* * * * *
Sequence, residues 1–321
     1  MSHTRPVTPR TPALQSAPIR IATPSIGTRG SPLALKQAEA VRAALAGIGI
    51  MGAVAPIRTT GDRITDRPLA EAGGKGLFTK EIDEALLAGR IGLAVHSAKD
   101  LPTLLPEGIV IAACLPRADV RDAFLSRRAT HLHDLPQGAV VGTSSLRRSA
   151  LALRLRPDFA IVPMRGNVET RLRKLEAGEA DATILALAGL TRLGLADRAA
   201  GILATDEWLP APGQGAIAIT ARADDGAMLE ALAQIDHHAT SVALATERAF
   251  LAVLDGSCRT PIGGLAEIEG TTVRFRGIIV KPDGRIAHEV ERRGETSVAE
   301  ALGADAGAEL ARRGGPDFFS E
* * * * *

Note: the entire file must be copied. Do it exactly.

Sequence, residues 1–321
     1  MSHTRPVTPR TPALQSAPIR IATPSIGTRG SPLALKQAEA VRAALAGIGI
    51  MGAVAPIRTT GDRITDRPLA EAGGKGLFTK EIDEALLAGR IGLAVHSAKD
   101  LPTLLPEGIV IAACLPRADV RDAFLSRRAT HLHDLPQGAV VGTSSLRRSA
   151  LALRLRPDFA IVPMRGNVET RLRKLEAGEA DATILALAGL TRLGLADRAA
   201  GILATDEWLP APGQGAIAIT ARADDGAMLE ALAQIDHHAT SVALATERAF
   251  LAVLDGSCRT PIGGLAEIEG TTVRFRGIIV KPDGRIAHEV ERRGETSVAE
   301  ALGADAGAEL ARRGGPDFFS E